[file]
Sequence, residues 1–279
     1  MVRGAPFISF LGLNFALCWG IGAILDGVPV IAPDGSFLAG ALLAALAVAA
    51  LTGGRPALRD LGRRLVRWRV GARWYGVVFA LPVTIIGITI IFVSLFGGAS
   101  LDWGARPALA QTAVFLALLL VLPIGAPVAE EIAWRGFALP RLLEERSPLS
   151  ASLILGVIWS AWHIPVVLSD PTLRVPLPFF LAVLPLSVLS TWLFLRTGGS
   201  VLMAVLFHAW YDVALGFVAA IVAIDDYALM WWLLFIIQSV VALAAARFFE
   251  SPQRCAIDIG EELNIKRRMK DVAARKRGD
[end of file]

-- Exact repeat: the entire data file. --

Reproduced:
Sequence, residues 1–279
     1  MVRGAPFISF LGLNFALCWG IGAILDGVPV IAPDGSFLAG ALLAALAVAA
    51  LTGGRPALRD LGRRLVRWRV GARWYGVVFA LPVTIIGITI IFVSLFGGAS
   101  LDWGARPALA QTAVFLALLL VLPIGAPVAE EIAWRGFALP RLLEERSPLS
   151  ASLILGVIWS AWHIPVVLSD PTLRVPLPFF LAVLPLSVLS TWLFLRTGGS
   201  VLMAVLFHAW YDVALGFVAA IVAIDDYALM WWLLFIIQSV VALAAARFFE
   251  SPQRCAIDIG EELNIKRRMK DVAARKRGD